Selection Day Review 2018 TV-Show Series Cast Crew Online
Stars: Yash Dholye, Subrat Dutta, Mahesh Manjrekar
Review: After its last offering Mowgli: Legend of the Jungle that had a big budget and an illustrious cast, Netflix’s latest Indian original Selection Day feels like a Christmas party. Only there is no Santa or a Christmas tree.
Based on Aravind Adiga’s eponymous novel, it is the story of two teen brothers—Radha and Manju—trapped in the mad obsession of their compulsive father, who treats them as his ticket out of poverty and dreams of making them the world’s best batsmen.
In tracing Radha and Manju’s journey from their village in Madhya Pradesh to becoming star cricketers of a Mumbai school, the first season of Selection Day touches upon several pressing issues—parental pressure, domestic violence, India’s cricket craze, the urban-rural divide, unashamed commercialisation of education, teen angst and homosexuality. But in trying to show it all, it spreads itself too thin, thus failing to create any real impact.
Right from the first scene, it is established that Radha—the elder brother played by debutant Yash Dholye—is to be the best batsman in the world. The younger Manju is always referred to as Batsman No 2 by their father. Not that he minds, he is not interested in the sport anyway. He is a science guy. But the little detail adeptly shows how deep our parents’ biases can get rooted in our psyche and how we internalise them without knowing it, believing them to be true.
Mohammad Samad is in terrific form as Manju, the conflicted, sensitive younger brother who pines for his mother and wants to study but is forced to play cricket. After starring in Tumbbad and Haraamkhor, Selection Day solidifies Samad’s presence as a young actor of tremendous potential.
And it’s not just him, one of the best things about the show is its casting. There is Ratna Pathak Shah as Mrs. Weinberg, a feisty principal fighting a lost battle to save her school—the last living memory of her dead husband—from corporatisation. There is also Mahesh Manjrekar, who plays Tommy Sir, a closeted cricket coach with a murky past and an unrealised dream to train a legend. And finally, there is Rajesh Tailang as the boys’ eccentric father who will stop at nothing to make them what he wants them to be.
Udayan Prasad, director of Netflix’s latest Indian original series, Selection Day, made a statement recently that, in hindsight, explains everything that is wrong about the show. Prasad is an Indian born British filmmaker, who recounted a story about returning to India – specifically New Delhi – after several years being away, and expressed surprise at how the language had changed. This wasn’t the India he’d left behind, but it was certainly the India he wanted to understand, though this show.
He was taking a walk around the Lodhi Gardens – sprawling centuries-old lawns housed in what is perhaps the most expensive 5 square kilometres of real estate in the capital – and was shocked to learn that most people around him were speaking English. “I thought there was something seriously wrong here,” he said. “What the hell is going on? Why is everyone talking in English?The moment you leave the big cities and go into the villages, everything’s different.”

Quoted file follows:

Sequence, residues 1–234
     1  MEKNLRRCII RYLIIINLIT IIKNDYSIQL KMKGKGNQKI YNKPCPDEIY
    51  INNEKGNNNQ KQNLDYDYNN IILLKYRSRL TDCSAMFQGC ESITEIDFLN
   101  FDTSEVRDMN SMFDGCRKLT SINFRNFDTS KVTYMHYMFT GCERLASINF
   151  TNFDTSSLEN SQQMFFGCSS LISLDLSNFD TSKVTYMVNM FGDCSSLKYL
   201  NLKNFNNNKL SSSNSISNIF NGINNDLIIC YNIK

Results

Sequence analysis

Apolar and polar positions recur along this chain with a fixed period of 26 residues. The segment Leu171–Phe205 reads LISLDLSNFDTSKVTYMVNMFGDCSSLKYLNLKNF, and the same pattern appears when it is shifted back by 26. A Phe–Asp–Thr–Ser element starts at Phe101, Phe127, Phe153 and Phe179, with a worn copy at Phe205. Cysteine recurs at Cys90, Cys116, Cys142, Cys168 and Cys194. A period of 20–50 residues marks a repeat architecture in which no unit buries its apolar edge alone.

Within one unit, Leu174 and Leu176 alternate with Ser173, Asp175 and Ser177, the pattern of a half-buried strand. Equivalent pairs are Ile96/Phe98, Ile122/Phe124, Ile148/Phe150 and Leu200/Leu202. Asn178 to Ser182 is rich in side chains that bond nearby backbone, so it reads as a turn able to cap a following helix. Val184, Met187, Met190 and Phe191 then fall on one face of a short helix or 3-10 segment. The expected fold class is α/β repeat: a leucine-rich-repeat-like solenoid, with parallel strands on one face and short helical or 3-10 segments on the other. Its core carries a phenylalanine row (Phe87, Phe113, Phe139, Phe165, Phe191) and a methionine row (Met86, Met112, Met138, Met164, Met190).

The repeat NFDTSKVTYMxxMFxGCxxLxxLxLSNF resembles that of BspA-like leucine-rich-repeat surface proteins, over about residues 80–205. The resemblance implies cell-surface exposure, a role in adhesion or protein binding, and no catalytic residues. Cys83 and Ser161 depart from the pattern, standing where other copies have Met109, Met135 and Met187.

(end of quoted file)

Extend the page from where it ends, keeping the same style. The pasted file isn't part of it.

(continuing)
The small gathering of Indian journalists – including myself – to whom he was telling this story immediately grew concerned. Our English might not be as good as Stephen Fry’s, but we certainly speak it – as we have all our lives. But that is the trouble with Selection Day. It appears to have been made by a bunch of people who aren’t necessarily as familiar with modern India as they should be, and therefore unprepared to tell a story so rooted in its milieu.
An outsider’s perspective can be valuable on certain occasions – I particularly enjoyed Lion, directed by the Australian Garth Jennings – but in the case of Selection Day, a story that positively demands a Mumbai native’s voice, several key themes are lost in translation.
“The Slumdog (Millionaire) version is presented all the time outside,” said the man sitting beside Prasad at that press interaction. This was the show’s writer, Marston Bloom, who admitted that Danny Boyle’s Oscar-winning film contributed to the West’s understanding of the country – ‘that Indians are victims and terribly poor’
“Modern India has a lot more to say,” Bloom continued. “Maybe this (Selection Day) was a way of capturing it for me.”
Alas, the story he has written is one filled with many contrivances and coincidences. Were it not for the Hand of God – which is made manifest in the show quite literally – several of the storylines would come to a grinding halt. There are three plots in Selection Day, running in parallel. The first, and ostensibly the most important, is that of a couple of brothers – named Manju and Radha; it is unclear if this is meant to be a joke – who have been conditioned from birth by their father to become ‘the number one and number two batsmen in the world’. This training comes at the expense of a regular childhood, which means Manju and Radha are ‘home schooled’ and friendless.
Check More Stuff – Sex Education Review 2019 TV-Show Series Cast Crew Online